On the morning Kari went to be with Jesus, she married her fiancé, Brad, in the hospital room. It was a beautiful culmination of her desire to both marry her best friend and to fall pain-free into the arms of Jesus. And for her, I believe she entered the presence of Jesus with her husband at her side, surrounded by her family… a beautiful reunion with the One who held her tight all the years of her life! A close friend said it best: “Kari was the only person I know who was married twice in the same day!” Beautiful!

May God keep you and bless you! May you find your rest in Him. Let Him be your strong tower! And may His face shine upon you!

Church and Culture

Forgetting “Fearfully and Wonderfully”

“I think there’s problem with the baby. I’m calling the doctor.”

I was at work when I heard my wife’s voice on the phone. I quickly prayed with her and told her to call me as soon as possible. Her next call was to tell me the doctor wanted to see her right away. An hour later, the news wasn’t good.

“We’ve lost the baby…”

In the intervening days and weeks, we grieved. Yes, the baby was only 10 weeks along, but it was a baby. Our baby… Our first…

Ten years earlier, our family planning had been altered by the addition of our first child – a child by adoption. She was a little blondie with Down Syndrome. Adopting a child with special needs was a big decision. We had taken her into our home three years earlier as a foster child, and when she came up for adoption, we knew what we needed to do.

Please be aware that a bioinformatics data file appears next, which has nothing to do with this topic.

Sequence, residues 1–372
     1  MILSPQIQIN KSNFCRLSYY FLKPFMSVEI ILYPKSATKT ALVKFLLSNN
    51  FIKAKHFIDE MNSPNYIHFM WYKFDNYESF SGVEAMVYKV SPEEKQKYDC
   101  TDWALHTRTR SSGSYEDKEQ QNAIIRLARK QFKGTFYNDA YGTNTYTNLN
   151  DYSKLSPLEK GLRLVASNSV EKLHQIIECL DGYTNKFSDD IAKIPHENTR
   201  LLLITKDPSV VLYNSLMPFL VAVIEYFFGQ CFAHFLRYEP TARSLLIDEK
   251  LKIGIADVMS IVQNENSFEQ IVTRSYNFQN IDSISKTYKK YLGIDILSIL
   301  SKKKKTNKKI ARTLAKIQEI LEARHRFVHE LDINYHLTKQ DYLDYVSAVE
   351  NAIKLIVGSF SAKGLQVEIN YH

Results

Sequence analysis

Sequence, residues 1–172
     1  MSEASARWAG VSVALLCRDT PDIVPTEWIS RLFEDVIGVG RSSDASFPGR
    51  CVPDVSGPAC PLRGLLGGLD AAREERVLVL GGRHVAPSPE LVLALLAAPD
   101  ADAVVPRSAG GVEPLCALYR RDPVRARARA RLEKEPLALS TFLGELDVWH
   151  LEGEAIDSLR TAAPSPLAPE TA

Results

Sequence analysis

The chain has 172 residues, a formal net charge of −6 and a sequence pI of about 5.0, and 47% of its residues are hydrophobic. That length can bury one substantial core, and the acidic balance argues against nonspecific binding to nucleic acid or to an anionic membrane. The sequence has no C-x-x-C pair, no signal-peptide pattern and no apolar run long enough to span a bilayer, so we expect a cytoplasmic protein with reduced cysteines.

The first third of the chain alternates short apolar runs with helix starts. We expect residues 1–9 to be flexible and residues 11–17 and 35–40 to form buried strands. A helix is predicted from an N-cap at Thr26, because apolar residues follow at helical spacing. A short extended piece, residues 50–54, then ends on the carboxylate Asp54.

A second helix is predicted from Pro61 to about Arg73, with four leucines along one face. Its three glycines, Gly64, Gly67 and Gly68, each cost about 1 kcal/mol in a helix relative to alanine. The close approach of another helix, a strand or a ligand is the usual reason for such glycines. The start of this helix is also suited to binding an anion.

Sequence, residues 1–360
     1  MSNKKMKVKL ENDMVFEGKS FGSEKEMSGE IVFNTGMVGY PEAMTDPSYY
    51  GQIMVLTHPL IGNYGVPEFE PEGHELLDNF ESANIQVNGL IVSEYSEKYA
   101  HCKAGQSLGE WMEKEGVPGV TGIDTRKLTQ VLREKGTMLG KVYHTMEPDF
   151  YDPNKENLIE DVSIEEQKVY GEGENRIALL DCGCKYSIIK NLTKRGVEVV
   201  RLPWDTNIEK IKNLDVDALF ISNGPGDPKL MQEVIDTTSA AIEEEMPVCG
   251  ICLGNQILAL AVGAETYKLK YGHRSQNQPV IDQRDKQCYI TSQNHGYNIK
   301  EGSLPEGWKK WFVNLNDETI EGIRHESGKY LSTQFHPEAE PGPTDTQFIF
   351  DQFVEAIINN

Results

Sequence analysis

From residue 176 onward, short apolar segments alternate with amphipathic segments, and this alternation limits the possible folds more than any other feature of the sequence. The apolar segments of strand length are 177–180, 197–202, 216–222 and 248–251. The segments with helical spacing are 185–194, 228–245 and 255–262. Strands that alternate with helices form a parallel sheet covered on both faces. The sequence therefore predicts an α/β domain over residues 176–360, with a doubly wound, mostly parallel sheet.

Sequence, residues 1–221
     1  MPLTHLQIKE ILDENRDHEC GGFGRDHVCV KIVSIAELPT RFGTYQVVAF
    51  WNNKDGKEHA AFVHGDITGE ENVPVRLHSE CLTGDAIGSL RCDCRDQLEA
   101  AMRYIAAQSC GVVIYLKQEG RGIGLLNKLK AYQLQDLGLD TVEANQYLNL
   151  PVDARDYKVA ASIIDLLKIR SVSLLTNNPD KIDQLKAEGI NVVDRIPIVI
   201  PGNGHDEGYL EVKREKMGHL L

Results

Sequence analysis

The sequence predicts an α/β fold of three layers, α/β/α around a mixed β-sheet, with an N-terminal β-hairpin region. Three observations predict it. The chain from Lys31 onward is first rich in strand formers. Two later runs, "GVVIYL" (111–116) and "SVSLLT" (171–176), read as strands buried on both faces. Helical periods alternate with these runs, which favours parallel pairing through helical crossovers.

Was it something we wanted to do? Sure, but it’s more complicated than that. From my wife’s experience as a behavior specialist, working with kids with disabilities, and our own experiences over the last three years as foster parents to this little girl, we knew life would be much more challenging. But most of the time, it seems, when God places a call on you, it’s not to the easy life. He never promised easy, but He promises His presence.

As I look back over the last 25 years with our forever child, it hasn’t been easy. (I’m just being honest!) It’s as if we were boarding a plane to France, but we ended up in Italy. Italy isn’t worse, it’s just different. I also now realize that God is developing in me, through the life of this little girl, things I never would have known otherwise. When I see her, the one who is the littlest among us, I think of Jesus. I see her, and I realize how she would have been the one He would have had on his lap.